Barnabas Fund

In the light of the recently publicised case of the British Airways employee who was suspended for refusing to remove or cover the cross she wears on a chain around her neck, this communiqué looks at the meaning of the cross for Christian communities in the Muslim world.

In the West women often wear a cross simply as a fashionable jewelry item, but for Christians in the Middle East, who have endured fourteen centuries of Islamic pressure, the cross has deep symbolic meaning of identification with their faith, church and community.

While for Muslims the cross is a hated symbol of the “false” religion which the Muslim armies targeted in the first Islamic onslaught and which later responded militarily in the Crusades under this sign, for the long-suffering Christians of the ancient churches in the Middle East the cross has come to signify their identity as a Christian community. For these Christians the cross symbolises the long centuries of persecution and martyrdom, and their loyalty to their Church in the face of Muslim persecution. The cross has come to symbolise the essence of their Christianity and to be the outward identifying mark that distinguishes them from the generally hostile majority.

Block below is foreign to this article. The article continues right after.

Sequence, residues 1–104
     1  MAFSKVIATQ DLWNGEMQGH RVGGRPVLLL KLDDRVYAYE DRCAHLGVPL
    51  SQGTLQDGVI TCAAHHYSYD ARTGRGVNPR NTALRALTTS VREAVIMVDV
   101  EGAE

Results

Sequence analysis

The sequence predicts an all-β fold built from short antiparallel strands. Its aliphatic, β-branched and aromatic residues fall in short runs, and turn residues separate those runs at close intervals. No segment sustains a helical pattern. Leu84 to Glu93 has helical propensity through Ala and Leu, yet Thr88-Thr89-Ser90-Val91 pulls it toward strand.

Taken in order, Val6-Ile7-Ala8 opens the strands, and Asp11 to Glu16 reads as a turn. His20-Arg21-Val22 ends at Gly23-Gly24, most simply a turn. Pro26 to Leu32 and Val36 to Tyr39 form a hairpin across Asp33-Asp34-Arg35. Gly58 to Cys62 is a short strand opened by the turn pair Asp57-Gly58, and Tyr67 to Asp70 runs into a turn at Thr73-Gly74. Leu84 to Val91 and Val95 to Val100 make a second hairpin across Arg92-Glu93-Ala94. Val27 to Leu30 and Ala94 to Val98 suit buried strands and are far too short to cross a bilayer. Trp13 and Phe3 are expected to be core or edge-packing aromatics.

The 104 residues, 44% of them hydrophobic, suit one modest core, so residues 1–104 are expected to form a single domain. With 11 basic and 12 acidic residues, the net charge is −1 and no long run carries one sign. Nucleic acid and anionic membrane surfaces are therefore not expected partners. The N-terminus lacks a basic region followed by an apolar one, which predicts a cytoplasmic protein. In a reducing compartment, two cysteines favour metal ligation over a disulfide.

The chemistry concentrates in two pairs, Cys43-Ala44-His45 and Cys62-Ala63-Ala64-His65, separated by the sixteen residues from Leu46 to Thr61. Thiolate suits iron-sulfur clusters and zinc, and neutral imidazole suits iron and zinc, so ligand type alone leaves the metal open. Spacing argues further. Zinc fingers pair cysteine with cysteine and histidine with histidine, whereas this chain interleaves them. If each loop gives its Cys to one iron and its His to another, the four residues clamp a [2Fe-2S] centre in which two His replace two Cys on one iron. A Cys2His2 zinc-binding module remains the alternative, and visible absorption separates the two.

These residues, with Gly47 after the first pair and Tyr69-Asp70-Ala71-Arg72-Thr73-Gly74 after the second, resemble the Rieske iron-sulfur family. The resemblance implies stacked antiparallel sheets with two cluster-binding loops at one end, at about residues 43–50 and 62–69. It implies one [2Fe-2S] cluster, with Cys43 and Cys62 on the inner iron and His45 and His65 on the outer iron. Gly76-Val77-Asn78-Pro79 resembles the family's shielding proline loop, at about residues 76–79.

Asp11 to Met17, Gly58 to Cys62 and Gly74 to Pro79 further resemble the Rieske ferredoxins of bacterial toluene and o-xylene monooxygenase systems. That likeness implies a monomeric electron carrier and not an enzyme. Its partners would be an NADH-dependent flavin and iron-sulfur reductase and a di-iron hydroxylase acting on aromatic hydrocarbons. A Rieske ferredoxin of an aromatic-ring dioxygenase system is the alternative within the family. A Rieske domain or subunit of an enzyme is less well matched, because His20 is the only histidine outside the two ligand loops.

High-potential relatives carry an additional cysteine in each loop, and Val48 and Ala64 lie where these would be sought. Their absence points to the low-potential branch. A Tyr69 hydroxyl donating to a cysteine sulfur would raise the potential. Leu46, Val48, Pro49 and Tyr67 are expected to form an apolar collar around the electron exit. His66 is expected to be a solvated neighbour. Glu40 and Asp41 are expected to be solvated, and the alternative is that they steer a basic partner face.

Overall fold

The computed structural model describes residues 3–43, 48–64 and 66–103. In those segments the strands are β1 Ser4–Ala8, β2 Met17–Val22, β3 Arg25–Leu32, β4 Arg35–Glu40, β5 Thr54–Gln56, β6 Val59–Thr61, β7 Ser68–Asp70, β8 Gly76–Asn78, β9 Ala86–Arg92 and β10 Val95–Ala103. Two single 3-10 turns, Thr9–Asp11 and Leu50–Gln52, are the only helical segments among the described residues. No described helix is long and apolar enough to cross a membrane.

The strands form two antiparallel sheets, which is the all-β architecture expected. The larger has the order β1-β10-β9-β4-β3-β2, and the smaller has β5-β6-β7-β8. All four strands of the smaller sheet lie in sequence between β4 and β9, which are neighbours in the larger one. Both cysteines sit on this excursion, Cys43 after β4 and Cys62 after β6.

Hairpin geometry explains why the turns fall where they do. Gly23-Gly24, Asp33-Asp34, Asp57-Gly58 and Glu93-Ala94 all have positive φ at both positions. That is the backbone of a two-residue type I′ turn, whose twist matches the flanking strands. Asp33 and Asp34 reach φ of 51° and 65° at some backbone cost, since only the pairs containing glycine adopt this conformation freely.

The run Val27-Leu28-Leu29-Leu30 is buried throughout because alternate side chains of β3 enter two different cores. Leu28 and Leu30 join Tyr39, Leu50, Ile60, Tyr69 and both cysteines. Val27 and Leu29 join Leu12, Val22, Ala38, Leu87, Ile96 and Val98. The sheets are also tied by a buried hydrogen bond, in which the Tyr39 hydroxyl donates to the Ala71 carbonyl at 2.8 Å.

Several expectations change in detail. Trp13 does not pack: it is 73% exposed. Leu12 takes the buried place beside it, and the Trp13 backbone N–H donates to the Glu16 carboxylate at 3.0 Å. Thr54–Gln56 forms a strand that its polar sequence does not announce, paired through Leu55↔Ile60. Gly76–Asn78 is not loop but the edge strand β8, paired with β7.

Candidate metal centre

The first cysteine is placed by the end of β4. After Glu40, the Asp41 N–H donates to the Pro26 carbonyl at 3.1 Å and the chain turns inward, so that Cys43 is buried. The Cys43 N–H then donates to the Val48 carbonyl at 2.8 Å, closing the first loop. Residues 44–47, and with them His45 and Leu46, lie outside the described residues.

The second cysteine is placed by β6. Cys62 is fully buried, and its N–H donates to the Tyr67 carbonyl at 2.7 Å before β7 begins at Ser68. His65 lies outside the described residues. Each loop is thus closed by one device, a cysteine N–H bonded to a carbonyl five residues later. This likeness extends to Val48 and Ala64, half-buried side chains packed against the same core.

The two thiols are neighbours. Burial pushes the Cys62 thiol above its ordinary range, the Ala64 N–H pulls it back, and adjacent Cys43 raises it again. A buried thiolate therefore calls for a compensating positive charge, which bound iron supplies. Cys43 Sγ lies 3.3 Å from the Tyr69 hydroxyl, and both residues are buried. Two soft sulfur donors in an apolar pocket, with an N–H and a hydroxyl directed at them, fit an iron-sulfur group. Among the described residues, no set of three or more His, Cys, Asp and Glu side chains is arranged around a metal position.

Muslim hatred for the cross is evident in the hadith (traditions) that foretell the Muslim belief that, in the End Times, Jesus will reappear as a Muslim and will break all crosses. In history for example, Caliph al-Mansur (754-775) forbade the public display of the cross and destroyed the crosses on top of many churches. Forbidding the public display of crosses continues to be the case in modern day Saudi Arabia. Fatimid Caliph al-Hakim (996-1021) forced Christians to wear a five-pound cross around their necks as a sign of humiliation.

Coptic Christians in Egypt see their cross as the greatest glory of their church and as a symbol of their long martyrdom. They tattoo it in pride and defiance on the inside of their right wrist as an indelible mark of their identification with their church and community, although they know that this visible mark might bring them scorn and discrimination in their Muslim-majority society. An Egyptian Christian woman explained it like this:

“Many of us have these [crosses on their wrist]. We feel certain that severe persecution is coming to Egypt, and we are not sure we will be able to stand up to it. We have chosen to have ourselves indelibly marked as followers of Christ so that we can never renounce Him, not even in our weakest moments.”

Physical attacks on Christians in Egypt sometimes focus on the tattooed cross on their wrist. For example, in April 2005 a 17-year-old Coptic girl was kidnapped by an extremist Islamic group. (The abduction and forced conversion of young Coptic women is a serious problem in Egypt.) For 23 hours she was drugged, raped and scissors were used to try to remove the tattoo from her wrist.

Whilst it is true that for Protestant Christians the physical symbol of the cross is not an essential matter of faith, for many Christians in the non-Western world it remains a potent symbol of Christ’s death and resurrection, the heart of their faith. By wearing it they identify with him, and with his shame and suffering.







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